They Killed Poor Ann Jiminez Over a Pair of Boots

“It’s sick but it’s a sick group of people.”
–Jury foreman, Ann Jiminez murder trial
December 27, 1968.
1480 Waller Street, San Francisco, California.

Right there at the heart of the peace-and-love capital of the world, Holy Mecca of Hippiedom, native stomping ground of the Grateful Dead and birthing-hole of the psychedelic movement, they humiliated, raped, and beat Ann Jimenez to death over the course of three hours—all because she supposedly stole a pair of boots.

Not too groovy, baby. Not too groovy at all. 

Screenshot of January 7, 1969 edition of The San Francisco Examiner. Retried at Newspapers.com.
Screenshot of January 7, 1969 edition of The San Francisco Examiner. Retried at Newspapers.com.

You can’t find pictures of Jiminez today.

The poor kid was only nineteen when she died. Her murder and murder trial were sensationalized for a time but then poof, it was as if she’d never been at all. Just another young pilgrim lost on her way to enlightenment.

Around the time Jiminez’s murder trial was wrapping up, the Manson Family was out there cutting up movie star Sharon Tate and her friends. To this day those horrific events are covered continuously. Accounts perpetually start off with an obligatory, superfluous declaration that Tate “sure was beautiful.”

Tate was beautiful, obviously. More importantly, she was a good person with a generous heart. She didn’t deserve what happened to her. Those murders were terrible. I don’t mean to marginalize them at all.

Still, I can’t help but think of Jiminez and how small her life must have felt looking up at the big screen at all those celebrities selling the Hippie Myth of egalitarianism and love. I look at how small her terrible death seems today, swallowed up by tabloid shadows, and it bothers me.

She just wasn’t pretty enough to be mourned, I guess.

It’s not the saddest story in the world, but it’s still sad as hell. I think about the kid and wish I could reach back through time and help her.

Poor, dead Ann Jiminez who never fit in anywhere.

I imagine her huddled there in that San Francisco flophouse feeling desperate and lost, feeling like a failure as a human being. Looking for love and acceptance, finding only drugs and bullshit ideologues.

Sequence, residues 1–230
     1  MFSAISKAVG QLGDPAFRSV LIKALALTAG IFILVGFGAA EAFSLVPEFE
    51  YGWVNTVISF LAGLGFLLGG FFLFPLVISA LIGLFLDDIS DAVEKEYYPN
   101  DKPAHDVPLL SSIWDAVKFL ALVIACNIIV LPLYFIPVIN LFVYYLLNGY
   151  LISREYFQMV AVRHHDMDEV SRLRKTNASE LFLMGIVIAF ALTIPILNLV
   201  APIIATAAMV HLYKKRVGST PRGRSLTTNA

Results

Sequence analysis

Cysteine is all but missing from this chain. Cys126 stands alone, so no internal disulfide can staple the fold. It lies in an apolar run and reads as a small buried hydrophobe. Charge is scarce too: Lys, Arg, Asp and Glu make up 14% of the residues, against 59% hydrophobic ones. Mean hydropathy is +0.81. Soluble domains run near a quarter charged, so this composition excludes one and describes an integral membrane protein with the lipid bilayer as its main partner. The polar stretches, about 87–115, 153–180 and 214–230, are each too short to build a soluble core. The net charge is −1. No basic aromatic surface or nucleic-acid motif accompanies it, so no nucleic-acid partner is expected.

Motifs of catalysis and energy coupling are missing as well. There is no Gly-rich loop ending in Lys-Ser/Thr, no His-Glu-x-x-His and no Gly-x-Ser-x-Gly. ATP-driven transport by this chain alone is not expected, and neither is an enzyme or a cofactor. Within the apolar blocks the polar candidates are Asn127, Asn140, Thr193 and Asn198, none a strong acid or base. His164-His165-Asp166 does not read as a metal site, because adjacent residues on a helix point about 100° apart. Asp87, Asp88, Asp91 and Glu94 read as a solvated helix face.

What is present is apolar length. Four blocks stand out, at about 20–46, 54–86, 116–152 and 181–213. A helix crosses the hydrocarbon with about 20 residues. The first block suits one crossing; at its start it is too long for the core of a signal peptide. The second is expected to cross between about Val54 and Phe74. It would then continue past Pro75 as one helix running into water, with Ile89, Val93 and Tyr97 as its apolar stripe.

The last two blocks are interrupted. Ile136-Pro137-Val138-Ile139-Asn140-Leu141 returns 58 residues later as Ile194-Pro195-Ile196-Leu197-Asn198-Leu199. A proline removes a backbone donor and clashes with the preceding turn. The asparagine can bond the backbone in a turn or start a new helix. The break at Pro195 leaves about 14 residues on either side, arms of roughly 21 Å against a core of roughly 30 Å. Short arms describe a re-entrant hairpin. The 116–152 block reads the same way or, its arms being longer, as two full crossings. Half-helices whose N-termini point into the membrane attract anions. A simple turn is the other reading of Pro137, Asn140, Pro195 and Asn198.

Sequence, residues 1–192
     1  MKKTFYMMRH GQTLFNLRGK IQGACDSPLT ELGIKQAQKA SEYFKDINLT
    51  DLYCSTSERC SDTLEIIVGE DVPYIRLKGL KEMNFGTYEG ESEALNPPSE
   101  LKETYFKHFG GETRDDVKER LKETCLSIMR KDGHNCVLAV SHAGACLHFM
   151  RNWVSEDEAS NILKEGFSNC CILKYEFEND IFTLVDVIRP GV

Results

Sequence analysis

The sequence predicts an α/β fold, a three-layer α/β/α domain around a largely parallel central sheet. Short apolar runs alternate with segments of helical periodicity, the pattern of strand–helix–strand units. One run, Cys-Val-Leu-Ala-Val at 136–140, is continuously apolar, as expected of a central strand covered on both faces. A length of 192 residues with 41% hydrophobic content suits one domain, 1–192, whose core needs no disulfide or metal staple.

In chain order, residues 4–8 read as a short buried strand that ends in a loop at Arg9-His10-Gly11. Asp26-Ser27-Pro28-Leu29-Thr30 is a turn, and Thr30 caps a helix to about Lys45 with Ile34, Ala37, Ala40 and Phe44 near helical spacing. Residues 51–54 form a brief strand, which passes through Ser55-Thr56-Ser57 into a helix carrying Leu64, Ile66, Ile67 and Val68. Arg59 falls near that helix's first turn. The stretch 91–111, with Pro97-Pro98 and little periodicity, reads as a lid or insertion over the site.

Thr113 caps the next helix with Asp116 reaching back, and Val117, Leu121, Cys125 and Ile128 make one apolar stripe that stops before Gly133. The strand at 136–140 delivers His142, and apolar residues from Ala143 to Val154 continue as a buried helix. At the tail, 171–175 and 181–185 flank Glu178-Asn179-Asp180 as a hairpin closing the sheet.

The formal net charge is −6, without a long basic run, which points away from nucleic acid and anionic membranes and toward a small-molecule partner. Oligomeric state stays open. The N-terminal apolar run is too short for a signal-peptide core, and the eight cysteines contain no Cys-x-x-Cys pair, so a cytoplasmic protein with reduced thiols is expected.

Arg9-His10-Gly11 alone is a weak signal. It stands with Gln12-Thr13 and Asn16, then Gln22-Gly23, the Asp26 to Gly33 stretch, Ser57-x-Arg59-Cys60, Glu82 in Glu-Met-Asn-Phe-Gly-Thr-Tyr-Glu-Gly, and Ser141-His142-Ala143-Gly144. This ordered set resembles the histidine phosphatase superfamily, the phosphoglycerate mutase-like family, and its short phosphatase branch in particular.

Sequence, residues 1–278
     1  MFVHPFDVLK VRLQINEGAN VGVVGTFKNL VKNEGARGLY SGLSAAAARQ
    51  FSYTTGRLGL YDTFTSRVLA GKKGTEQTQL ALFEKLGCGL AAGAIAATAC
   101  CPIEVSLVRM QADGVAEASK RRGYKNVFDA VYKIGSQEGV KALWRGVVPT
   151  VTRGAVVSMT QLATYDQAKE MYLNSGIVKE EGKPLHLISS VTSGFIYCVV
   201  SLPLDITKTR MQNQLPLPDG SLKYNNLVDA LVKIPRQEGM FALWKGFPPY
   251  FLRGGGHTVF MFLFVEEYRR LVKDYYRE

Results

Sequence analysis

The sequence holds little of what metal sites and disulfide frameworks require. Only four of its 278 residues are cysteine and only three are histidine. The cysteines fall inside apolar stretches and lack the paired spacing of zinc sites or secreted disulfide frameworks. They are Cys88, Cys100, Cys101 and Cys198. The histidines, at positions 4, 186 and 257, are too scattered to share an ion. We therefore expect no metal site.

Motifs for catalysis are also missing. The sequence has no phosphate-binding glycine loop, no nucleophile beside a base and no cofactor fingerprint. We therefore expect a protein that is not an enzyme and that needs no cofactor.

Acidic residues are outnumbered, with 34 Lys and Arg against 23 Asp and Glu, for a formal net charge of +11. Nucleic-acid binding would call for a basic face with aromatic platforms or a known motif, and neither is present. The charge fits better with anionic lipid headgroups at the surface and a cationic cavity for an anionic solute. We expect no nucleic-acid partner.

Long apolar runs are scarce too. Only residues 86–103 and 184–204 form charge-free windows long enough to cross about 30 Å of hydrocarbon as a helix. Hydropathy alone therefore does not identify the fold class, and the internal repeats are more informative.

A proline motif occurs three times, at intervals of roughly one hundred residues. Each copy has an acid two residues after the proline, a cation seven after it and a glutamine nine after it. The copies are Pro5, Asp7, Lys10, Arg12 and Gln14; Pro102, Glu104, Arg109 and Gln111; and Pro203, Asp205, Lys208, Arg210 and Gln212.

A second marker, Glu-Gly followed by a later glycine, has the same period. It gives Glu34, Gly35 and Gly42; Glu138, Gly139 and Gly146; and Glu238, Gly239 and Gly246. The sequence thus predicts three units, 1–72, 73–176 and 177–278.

“The Haight has changed,” she wrote to her sister the day before she died.

She knew she was in a bad place. Maybe, if she had just a little bit longer, she would have escaped. Hell, maybe she stole the boots that got her killed so she’d have something to wear on her back home. Highly unlikely, of course, but doesn’t Jiminez deserve some poetic license, at the very least?

Doesn’t matter. The kid’s dead. They killed her.

Two days after Christmas, nonetheless.

Not even slightly groovy, baby.

THE VICTIM

“She grew up fast—and she didn’t really grow up at all…”
—Mother Beatrice Jiminez (January 19, 1969, The San Francisco Examiner).


Ann Jiminez was born to Antonio Maldonado and Beatrice Jiminez in Everett, Washington, 1949.

Antonio left Ann and her two little sisters when Ann was nine years. He was an alcoholic and a troubled man, which isn’t hard to imagine when you consider that he was a World War II veteran who’d been captured by the Japanese and put through the The Tragedy of Bataan, one of the most horrific events of an overall horrific era. He’d gone off to war a good, proud man, but had back with demons.

Ann’s mother stuck by her children after Antonio left. Somehow, even while raising three girls alone, she managed to earn a medical technologist certificate and to start a respectable career. Admirable. Tough lady.

Still, life was chaotic and fearful for Ann. She soon reached 280 pounds despite standing only 5’5″ tall. Some newspapers said she had a glandular problem. Whether or not that’s medically verified or just the assumption of her mother, we can’t be certain. All we do know is that whether triggered biologically or psychologically, she was conspicuously big at a time before being big was common in America.

“And yet, she seemed to want people to accept her, to like her. She tried so desperately to have people like her…”
—Mother Beatrice Jimenez, The San Francisco Examiner (January 19, 1969)

Eventually, Ann started running away from home, which got her committed to a psychiatric hospital. As it did for many people sent for “help” in that dark period of the mental health industry, the experience made things exponentially worse for Ann.

“She was more mixed up than ever when she came out,” her mother told The San Francisco Examiner. “They put her in in a barracks with girls who were sex perverts, everything…vicious people. She was terrified.”